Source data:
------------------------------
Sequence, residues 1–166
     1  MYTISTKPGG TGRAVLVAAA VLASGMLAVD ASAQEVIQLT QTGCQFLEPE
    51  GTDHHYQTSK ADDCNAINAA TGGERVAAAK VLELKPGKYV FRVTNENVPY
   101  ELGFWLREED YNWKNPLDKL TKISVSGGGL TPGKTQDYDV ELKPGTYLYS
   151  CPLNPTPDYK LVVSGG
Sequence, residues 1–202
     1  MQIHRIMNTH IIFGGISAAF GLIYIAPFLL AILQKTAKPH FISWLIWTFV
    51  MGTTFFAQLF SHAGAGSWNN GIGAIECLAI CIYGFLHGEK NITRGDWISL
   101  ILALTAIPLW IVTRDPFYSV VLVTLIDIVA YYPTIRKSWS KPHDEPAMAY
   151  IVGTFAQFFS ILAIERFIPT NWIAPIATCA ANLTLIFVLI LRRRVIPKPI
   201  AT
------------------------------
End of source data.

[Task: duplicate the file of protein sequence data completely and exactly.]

Sequence, residues 1–166
     1  MYTISTKPGG TGRAVLVAAA VLASGMLAVD ASAQEVIQLT QTGCQFLEPE
    51  GTDHHYQTSK ADDCNAINAA TGGERVAAAK VLELKPGKYV FRVTNENVPY
   101  ELGFWLREED YNWKNPLDKL TKISVSGGGL TPGKTQDYDV ELKPGTYLYS
   151  CPLNPTPDYK LVVSGG
Sequence, residues 1–202
     1  MQIHRIMNTH IIFGGISAAF GLIYIAPFLL AILQKTAKPH FISWLIWTFV
    51  MGTTFFAQLF SHAGAGSWNN GIGAIECLAI CIYGFLHGEK NITRGDWISL
   101  ILALTAIPLW IVTRDPFYSV VLVTLIDIVA YYPTIRKSWS KPHDEPAMAY
   151  IVGTFAQFFS ILAIERFIPT NWIAPIATCA ANLTLIFVLI LRRRVIPKPI
   201  AT